The Marine Institute’s Lehanagh Pool site in Co. Galway, Ireland Photo: Marine InstituteThe Marine Institute’s Lehanagh Pool site in Co. Galway, Ireland Photo: Marine Institute

A new EU-funded research project bringing together the Marine Institute and partners across the Atlantic will focus on the value and sustainability of aquaculture.

The All Atlantic Ocean Sustainable, Profitable and Resilient Aquaculture (ASTRAL) project will focus on integrated multi-trophic aquaculture (IMTA), where multiple, complementary species from different levels of the food chain are farmed together, with the waste from one species used as food for another.

“As a research organisation, the Marine Institute will assist with developing the techniques and assessing the benefits of IMTA,” said Pauline O’Donohoe, ASTRAL project coordinator at the Marine Institute. “This collaborative project aims to support the aquaculture industry by providing aquaculture producers with the tools to diversify their aquaculture species and practices.”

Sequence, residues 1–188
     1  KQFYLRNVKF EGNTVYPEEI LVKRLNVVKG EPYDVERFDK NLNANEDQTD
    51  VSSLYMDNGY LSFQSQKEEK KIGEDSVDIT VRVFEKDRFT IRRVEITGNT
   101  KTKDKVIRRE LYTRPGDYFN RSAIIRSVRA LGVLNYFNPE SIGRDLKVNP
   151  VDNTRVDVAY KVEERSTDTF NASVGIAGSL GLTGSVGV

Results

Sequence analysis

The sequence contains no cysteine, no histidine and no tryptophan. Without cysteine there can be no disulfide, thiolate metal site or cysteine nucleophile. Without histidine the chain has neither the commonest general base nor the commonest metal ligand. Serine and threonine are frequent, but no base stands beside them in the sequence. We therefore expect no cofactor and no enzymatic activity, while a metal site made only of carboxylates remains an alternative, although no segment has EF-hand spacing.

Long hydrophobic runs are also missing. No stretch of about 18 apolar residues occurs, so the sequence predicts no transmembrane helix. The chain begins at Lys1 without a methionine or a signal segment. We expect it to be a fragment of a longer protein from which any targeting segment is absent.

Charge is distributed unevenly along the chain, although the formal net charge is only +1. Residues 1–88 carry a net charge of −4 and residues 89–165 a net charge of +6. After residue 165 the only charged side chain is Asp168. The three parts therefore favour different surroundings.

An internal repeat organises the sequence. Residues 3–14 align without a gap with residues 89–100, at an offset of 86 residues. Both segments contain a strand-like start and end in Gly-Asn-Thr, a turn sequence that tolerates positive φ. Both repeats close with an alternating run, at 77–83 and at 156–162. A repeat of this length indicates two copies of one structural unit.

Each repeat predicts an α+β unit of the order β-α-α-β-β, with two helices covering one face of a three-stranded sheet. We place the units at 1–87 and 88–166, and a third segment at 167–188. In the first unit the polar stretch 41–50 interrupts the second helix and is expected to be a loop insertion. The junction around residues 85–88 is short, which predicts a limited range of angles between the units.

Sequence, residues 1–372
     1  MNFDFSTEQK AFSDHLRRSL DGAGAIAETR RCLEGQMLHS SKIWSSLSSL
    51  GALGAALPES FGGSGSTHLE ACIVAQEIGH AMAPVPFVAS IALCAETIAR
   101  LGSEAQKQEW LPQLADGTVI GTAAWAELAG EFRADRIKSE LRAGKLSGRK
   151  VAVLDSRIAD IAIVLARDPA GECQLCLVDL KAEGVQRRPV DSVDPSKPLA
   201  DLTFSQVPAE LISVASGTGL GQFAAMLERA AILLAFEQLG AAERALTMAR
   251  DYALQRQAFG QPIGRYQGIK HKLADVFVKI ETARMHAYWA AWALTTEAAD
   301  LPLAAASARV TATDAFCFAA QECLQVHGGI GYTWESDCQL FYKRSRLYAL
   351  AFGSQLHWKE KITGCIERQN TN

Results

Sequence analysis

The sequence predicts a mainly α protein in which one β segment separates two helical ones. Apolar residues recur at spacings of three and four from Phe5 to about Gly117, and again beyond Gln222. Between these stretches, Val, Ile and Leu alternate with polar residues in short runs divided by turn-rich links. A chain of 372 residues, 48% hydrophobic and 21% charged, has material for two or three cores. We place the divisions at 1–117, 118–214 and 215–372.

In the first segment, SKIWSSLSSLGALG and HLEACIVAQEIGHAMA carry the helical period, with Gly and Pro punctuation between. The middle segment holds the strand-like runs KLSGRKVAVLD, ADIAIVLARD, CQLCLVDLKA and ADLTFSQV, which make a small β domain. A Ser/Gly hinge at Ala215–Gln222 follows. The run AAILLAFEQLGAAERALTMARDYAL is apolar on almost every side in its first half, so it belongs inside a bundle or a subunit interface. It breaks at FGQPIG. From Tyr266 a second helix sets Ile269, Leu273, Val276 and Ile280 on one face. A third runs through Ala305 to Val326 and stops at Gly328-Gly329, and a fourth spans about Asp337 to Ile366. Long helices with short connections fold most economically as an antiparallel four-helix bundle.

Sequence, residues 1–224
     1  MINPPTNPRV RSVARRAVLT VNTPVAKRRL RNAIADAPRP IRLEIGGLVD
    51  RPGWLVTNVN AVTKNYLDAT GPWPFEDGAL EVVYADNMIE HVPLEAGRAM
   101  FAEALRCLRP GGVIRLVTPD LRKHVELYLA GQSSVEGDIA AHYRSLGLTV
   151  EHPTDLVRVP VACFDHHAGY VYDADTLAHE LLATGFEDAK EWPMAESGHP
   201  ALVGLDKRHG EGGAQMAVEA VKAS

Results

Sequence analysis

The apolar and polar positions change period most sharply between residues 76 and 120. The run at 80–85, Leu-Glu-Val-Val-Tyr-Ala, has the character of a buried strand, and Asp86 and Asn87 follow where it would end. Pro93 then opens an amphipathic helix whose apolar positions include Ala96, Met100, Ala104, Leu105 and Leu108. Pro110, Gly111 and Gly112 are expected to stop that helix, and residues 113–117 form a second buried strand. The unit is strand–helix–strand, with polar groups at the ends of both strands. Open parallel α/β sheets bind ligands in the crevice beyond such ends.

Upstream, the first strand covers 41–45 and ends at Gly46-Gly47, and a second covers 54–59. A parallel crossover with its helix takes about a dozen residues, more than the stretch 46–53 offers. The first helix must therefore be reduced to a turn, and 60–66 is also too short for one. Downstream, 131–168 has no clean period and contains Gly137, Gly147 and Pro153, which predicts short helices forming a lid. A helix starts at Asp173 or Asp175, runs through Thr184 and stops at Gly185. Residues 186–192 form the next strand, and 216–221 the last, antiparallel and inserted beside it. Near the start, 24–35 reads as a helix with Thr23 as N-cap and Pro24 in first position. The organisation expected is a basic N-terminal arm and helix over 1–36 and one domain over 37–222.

The project, which has received €8 million in funding under the Horizon 2020 Programme, will use the IMTA process to produce Atlantic salmon, lumpfish, European lobster, kingscallop, sea urchin and brown and green species of seaweed, allowing the Marine Institute to investigate new production methods.

ASTRAL goals include achieving zero-waste aquaculture systems, as well as creating business models and tools to increase profitability. Potential climate risks and pollutants will be assessed, together with the development of technology such as specific sensors and biosensors, with the aim of informing policy makers.

The ASTRAL consortium includes 16 partners from ten countries around the Atlantic Ocean and is led by the Norwegian Research Centre.

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